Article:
The franchise channels its star’s manic energy, resisting character development in favor of insane stunts.
During the multi-country press tour for Mission Impossible: Rogue Nation, not even Jon Stewart has dared ask Tom Cruise about Scientology.
They’d spoil the movie, except that the movie has already spoiled itself.
Irrational Man, like so many of the prolific filmmaker’s works, is a loosely drawn exploration of the desire to do terrible things.
The new documentary The Look of Silence is the companion to 2012’s The Act of Killing, and follows a man who confronts the people who killed his brother in Indonesia’s 1965 anti-Communist purge.
Paul Rudd is charming, but the movie's production woes are apparent on the screen.
With an assist from director Judd Apatow, writer/star Amy Schumer has produced the most hilarious movie in a long, long while.
The summer’s latest found-footage horror film tries to find scares in a school after dark.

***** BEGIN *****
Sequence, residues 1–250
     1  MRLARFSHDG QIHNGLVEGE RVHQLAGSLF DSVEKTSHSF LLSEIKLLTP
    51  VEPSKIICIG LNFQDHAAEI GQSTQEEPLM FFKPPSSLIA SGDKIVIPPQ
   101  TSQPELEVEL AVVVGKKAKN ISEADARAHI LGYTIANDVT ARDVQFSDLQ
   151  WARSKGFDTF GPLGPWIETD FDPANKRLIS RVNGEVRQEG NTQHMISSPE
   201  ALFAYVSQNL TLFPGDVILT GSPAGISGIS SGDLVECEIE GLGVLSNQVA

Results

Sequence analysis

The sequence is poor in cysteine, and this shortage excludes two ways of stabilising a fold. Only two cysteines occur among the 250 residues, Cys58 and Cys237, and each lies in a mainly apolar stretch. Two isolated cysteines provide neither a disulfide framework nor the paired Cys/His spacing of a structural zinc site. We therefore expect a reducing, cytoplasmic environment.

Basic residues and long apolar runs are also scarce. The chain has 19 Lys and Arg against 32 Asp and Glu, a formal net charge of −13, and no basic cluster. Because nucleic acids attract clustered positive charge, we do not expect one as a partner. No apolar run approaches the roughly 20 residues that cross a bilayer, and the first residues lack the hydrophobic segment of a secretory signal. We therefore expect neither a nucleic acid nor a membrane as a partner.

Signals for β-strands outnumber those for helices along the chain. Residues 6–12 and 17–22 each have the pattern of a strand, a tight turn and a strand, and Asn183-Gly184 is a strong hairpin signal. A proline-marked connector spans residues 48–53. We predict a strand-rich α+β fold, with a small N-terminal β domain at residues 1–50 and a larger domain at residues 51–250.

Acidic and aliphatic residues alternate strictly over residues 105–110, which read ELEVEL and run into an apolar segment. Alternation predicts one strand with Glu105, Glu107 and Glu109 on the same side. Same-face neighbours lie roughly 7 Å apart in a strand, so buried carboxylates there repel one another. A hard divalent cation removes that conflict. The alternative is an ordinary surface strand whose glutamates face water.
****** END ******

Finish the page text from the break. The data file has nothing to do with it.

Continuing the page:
The star of Lawrence of Arabia and Dr. Zhivago has died at 83.
Despicable Me’s famed yellow munchkins are mischievous and amusing (especially for kids), but the movie, like its heroes, is lost without a charismatic leader.
Brian Grazer has some rules for success. He hasn’t always followed them.
The Disney CEO and the Oscar-winning actress compare notes on Hollywood.
Thirty years ago, Robert Zemeckis redefined the sci-fi genre with a film that had all the high stakes of a family sitcom.
Can a movie about male strippers be a loud affirmation of feminism? Three Atlantic writers discuss.
The poor production values and overly emphatic voiceovers define an art form that is timeless, sometimes terrifying, and quintessentially American.
In paying homage to the original, the fifth film in the series forgets what made it so good: humans.
The unexpectedly subversive pleasures of Channing Tatum’s male-stripper sequel
Sophie Gilbert found the film progressive and feminist. Readers feel it whitewashes a horrific past. Perhaps it’s both.
Tom Holland is the third actor in 10 years to be cast in the role, and the tepid reaction suggests that audiences are losing interest as a result.
Filmmakers were using dyes, stencils, baths, and tints as early as the late-19th century.